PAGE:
Contract jobs now account for majority of university faculty appointments
Canadian universities are relying heavily on precariously-employed faculty on campus, according to a new study released today by the Canadian Centre for Policy Alternatives (CCPA).
By 2016-17, contract jobs in the sector accounted for the majority (53.6 per cent) of all university faculty appointments. The findings show that reliance on contract faculty is a foundational part of the system, and has been for at least a decade.
The report, Contract U: Contract faculty appointments at Canadian universities, is the first-ever snapshot of the prevalence and dynamics of contract jobs in Canadian universities. The data was obtained through Freedom of Information requests to all 78 publicly-funded Canadian universities.
“Our findings suggest the significant reliance on contract faculty in Canadian universities is a structural issue, not a temporary approach to hiring,” says Chandra Pasma, co-author of the study and CUPE researcher. “And we know that impacts workers in the sector and the quality of education students receive.”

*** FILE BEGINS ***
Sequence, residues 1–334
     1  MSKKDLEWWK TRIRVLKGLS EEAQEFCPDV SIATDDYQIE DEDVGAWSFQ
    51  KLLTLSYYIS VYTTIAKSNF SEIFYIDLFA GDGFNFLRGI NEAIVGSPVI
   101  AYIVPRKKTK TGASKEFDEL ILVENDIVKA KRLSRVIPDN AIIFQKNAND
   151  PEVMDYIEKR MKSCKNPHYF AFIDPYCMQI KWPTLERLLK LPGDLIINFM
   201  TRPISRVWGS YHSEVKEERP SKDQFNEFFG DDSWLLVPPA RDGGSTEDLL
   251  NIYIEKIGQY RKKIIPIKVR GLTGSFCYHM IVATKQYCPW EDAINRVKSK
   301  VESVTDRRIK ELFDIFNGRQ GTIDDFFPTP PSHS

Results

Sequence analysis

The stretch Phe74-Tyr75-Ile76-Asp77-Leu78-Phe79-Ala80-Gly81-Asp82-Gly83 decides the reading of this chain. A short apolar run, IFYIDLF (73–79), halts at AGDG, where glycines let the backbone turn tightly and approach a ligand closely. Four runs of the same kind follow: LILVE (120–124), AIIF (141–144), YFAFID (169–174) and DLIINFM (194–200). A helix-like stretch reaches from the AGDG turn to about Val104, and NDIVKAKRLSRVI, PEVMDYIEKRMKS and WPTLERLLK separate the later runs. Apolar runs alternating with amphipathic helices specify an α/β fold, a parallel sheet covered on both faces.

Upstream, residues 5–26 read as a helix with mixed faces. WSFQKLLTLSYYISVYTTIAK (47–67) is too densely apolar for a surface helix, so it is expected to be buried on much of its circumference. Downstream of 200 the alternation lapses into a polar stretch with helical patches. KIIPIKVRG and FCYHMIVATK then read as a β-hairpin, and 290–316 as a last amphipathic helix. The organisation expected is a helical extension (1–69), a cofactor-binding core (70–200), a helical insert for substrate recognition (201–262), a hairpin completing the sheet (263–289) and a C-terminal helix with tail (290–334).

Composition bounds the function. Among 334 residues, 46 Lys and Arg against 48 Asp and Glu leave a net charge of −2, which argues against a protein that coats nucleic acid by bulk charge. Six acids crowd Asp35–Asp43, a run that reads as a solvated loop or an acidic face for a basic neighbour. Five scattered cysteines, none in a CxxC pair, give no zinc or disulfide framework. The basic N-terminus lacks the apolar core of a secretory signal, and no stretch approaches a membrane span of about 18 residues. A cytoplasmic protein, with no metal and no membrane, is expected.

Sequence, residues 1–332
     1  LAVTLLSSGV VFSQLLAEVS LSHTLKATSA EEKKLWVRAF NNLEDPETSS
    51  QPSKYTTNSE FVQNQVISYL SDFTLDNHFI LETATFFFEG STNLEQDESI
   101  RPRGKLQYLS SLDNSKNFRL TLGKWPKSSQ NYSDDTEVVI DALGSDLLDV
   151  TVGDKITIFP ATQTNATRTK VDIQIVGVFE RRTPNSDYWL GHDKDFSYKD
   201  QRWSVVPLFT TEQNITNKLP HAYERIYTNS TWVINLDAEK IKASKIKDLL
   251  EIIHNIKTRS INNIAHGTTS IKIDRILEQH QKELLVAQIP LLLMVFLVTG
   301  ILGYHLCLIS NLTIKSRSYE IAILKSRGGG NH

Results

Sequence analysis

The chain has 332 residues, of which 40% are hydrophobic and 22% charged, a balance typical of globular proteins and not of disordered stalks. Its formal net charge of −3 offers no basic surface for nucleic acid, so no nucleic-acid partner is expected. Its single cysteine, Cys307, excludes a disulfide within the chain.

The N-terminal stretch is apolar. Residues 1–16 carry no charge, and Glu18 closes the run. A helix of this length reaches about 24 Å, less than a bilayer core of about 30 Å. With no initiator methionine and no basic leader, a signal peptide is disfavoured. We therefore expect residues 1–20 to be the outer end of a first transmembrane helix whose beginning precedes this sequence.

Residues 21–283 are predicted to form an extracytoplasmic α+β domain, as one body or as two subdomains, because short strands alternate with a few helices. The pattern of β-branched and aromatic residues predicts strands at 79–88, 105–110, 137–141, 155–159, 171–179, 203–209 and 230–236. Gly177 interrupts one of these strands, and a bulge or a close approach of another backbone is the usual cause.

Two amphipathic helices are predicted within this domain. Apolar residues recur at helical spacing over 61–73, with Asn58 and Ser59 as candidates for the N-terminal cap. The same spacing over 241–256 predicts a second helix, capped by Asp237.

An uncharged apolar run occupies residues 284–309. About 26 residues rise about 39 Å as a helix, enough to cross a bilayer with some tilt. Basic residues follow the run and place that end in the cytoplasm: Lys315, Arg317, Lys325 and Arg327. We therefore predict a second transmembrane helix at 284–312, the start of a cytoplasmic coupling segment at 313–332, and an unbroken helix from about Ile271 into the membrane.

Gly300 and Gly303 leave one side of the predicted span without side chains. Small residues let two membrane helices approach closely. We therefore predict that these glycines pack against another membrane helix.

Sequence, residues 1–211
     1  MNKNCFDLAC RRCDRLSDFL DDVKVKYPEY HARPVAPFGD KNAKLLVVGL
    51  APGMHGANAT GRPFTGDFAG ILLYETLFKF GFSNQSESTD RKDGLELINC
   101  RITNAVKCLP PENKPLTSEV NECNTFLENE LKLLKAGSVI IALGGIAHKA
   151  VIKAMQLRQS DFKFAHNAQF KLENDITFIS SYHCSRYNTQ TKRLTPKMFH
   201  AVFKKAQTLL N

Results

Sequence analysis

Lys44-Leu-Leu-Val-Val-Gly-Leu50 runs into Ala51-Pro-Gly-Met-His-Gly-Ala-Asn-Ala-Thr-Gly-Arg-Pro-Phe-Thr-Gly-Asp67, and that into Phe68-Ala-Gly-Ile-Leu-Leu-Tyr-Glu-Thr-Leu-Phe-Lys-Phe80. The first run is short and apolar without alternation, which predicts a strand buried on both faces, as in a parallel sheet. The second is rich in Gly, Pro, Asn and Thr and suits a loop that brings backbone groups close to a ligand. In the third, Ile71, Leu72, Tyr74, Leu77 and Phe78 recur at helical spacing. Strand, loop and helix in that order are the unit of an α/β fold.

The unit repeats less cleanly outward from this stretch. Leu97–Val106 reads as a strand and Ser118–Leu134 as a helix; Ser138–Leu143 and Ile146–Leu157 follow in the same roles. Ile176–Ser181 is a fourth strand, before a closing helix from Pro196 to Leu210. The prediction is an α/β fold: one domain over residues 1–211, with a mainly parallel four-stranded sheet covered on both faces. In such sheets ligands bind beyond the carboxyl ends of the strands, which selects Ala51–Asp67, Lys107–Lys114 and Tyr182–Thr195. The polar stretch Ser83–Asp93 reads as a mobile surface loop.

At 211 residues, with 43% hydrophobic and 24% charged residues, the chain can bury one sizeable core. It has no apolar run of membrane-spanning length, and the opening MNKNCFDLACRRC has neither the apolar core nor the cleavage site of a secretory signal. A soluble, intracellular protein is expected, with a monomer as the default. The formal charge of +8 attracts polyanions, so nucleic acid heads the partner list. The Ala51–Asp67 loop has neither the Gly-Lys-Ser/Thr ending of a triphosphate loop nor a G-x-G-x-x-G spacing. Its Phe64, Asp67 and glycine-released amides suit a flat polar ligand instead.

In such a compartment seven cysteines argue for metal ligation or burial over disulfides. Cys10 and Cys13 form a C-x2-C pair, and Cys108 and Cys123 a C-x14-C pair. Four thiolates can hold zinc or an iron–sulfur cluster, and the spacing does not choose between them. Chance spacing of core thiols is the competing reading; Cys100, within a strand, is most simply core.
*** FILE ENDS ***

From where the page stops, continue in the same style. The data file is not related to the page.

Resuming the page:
Among the study’s key findings:
- Part-time work accounted for nearly 80 per cent of all faculty contract appointments in 2016-17;
- Quebec relies on contract faculty appointments far more than any other province, at 61 per cent. Ontario (54 per cent) and B.C.(55 per cent) also have rates of contract appointments above the national average (53.6 per cent);
- Overall, there are 13 universities in Canada where contract appointments are more than two-thirds of all faculty appointments;
- In all subject areas besides agriculture and veterinary medicine, contract jobs represent more than one-third of appointments.
“There are a number of excuses offered for the dependence on contract faculty: as a cost-cutting measure, as a response to job and marketplace demand, or as the personal choice of individual professors,” adds report co-author Erika Shaker, CCPA senior education researcher. “However, the data suggests that this reliance has far more to do with institutional choice than anything else.”
Source: CUPE National